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Programming errors on a website that helps commuters carpool to work are exposing sensitive information of workers for hundreds of employers in Southern California, including at least one military installation.

The bugs, discovered last month on RideMatch.info, allow hackers access to a variety of personal information, including individuals' names, home addresses, phone numbers, the times they commute to and from work, and in some cases employee numbers. The SQL injection vulnerability remained active at time of writing, more than two weeks after it was reported to a developer who runs the website.

"There's sensitive data there that definitely shouldn't be on the internet," said Kristian Hermansen, a security researcher who identified the vulnerability after receiving an email from his employer saying he was required by law to provide the information. "The reason I am bringing this to your attention is that the issue is not being fixed by the admins and most companies don't even know that their employees' personal and corporate information, like employee ID [number and] login ID, may have been compromised."

The form Hermansen was required to complete asked for a wealth of personal information, including his typical work hours, the times he begins work on each workday, and his employee ID. "The state can impose monetary penalties on companies that fail to complete this survey," an email sent by Hermansen's employer warned.

The website is a joint project developed by transit authorities in five regional governments in Southern California. Individuals enter their work and home addresses and the time they leave from each, and the website pairs them up with others with home and office locations and commute times that are suitable for carpools. Hermansen said virtually all of the data is accessible to anyone who knows how to exploit the vulnerability.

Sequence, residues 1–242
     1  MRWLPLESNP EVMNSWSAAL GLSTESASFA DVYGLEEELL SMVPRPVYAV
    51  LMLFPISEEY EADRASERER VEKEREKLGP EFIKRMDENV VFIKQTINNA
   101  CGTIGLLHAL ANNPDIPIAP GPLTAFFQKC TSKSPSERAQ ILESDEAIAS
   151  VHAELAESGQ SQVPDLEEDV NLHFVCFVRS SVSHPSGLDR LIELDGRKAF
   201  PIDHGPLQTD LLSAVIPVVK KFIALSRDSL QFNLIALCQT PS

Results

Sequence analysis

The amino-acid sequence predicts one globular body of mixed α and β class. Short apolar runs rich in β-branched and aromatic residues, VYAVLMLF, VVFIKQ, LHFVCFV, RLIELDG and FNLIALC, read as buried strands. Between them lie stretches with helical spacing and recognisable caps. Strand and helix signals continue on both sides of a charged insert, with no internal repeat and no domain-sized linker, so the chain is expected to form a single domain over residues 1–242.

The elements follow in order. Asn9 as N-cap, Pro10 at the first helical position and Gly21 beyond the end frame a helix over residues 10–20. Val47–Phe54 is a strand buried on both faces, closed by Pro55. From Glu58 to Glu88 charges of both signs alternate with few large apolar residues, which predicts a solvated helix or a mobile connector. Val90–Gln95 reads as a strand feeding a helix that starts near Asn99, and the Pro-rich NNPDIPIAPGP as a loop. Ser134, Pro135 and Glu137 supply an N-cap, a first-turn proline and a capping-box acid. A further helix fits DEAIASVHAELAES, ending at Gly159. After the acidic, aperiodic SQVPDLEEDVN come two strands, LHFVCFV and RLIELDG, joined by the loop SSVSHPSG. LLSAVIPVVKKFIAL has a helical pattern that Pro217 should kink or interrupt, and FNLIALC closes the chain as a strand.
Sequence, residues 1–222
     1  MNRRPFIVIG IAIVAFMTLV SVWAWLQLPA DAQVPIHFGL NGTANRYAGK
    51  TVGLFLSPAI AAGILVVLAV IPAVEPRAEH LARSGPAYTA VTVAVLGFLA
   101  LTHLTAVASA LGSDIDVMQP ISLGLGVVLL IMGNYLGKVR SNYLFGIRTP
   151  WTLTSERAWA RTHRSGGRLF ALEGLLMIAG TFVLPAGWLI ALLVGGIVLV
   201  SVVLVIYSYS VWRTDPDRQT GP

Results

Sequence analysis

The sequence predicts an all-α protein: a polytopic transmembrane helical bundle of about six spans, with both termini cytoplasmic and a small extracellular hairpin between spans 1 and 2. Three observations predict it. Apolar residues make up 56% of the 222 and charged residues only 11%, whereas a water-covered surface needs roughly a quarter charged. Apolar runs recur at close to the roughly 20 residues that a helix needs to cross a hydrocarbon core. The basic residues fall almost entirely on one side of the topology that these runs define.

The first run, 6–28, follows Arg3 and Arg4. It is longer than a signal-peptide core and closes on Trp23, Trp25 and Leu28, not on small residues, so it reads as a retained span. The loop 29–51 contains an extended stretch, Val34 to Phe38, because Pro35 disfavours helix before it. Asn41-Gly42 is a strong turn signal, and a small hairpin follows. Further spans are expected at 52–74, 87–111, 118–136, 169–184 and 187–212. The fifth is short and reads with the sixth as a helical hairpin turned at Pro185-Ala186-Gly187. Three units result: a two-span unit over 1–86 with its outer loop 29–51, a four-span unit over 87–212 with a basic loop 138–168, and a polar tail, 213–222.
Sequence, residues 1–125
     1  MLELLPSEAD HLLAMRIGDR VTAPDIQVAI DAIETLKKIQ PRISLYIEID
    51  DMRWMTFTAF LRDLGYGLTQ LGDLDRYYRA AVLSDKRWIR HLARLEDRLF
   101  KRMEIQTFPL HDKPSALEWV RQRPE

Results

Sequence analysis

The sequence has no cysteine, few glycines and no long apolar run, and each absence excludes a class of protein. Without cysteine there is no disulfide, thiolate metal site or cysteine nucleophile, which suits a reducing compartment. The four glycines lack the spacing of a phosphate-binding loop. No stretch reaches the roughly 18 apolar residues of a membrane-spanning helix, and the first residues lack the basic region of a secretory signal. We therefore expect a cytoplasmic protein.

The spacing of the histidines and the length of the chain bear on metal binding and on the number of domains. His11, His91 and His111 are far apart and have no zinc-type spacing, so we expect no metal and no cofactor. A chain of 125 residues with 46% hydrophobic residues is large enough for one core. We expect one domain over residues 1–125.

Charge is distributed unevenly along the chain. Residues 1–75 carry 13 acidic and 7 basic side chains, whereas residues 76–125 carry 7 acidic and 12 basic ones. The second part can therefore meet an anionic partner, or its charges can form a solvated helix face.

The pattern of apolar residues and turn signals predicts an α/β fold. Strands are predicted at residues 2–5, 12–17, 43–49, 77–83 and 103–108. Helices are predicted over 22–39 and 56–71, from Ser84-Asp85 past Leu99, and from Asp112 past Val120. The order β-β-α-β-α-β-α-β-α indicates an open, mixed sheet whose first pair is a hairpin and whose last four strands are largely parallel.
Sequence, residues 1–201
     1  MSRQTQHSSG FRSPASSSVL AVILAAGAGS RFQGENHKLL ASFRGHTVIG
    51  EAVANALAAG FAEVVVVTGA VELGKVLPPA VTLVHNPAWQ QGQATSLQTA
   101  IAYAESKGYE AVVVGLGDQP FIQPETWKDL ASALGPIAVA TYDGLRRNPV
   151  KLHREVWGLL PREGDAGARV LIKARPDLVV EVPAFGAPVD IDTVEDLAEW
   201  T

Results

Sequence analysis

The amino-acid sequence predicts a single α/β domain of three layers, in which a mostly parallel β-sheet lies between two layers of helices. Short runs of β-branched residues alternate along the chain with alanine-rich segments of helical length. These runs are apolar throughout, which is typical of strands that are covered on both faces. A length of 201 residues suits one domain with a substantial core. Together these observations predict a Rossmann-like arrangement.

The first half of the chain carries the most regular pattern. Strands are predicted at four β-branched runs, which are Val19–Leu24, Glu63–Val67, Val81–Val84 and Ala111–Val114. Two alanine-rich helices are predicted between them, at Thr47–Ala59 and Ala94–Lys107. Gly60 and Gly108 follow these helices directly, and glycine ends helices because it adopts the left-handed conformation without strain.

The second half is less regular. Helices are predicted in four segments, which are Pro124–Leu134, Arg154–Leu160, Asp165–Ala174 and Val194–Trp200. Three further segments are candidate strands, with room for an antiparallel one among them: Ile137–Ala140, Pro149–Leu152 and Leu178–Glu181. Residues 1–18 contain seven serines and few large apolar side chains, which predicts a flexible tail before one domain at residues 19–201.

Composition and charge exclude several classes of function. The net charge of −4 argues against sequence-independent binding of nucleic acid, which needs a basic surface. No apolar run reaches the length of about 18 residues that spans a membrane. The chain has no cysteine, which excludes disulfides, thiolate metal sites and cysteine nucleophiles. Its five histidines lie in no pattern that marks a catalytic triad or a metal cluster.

His tests revealed that at least one military institution was among the employers that used the website. The Register agreed to withhold the institution' identity because of the potential sensitivity of the matter.

A spokesman for the Riverside County Transportation Commission, one of the agencies responsible for the website, said administrators are working to fix the problem with the help of Trapeze Group, an Ontario, Canada-based company that designed the carpool software.

"We're confident we should have a fix for this in the next few days," the spokesman, John Standiford, said. "Trapeze being the provider of that software, they're trying to work with us and I guess others to come to a solution and fix the security problem."

Trapeze spokeswoman Kim Emmerson said on Tuesday that she was unaware of any security bugs in the software but promised the company would fix any that are brought to its attention.

"If there's a vulnerability, we would definitely investigate it and take care of it," she said.

The security lapse on RideMatch.info is only the latest reminder of the perils of SQL injection vulnerabilities. Three weeks ago, federal prosecutors revealed that hackers who stole more than 130 million payment card numbers were able to penetrate the network defenses of Heartland Payment Systems and four other companies after exploiting the garden-variety bug.

The flaw is the result of web applications that fail to adequately scrutinize user-generated text entered into search boxes and other fields on websites. Hackers can exploit them to pass commands directly to a website's backend database. Once identified, they can often be fixed in a matter of minutes, by changing a line or two of code.

The other agencies responsible for the site are: The Los Angeles County Metropolitan Transportation Authority, the Orange County Transportation Authority, the San Bernardino Associated Governments and the Ventura County Transportation Commission. ®

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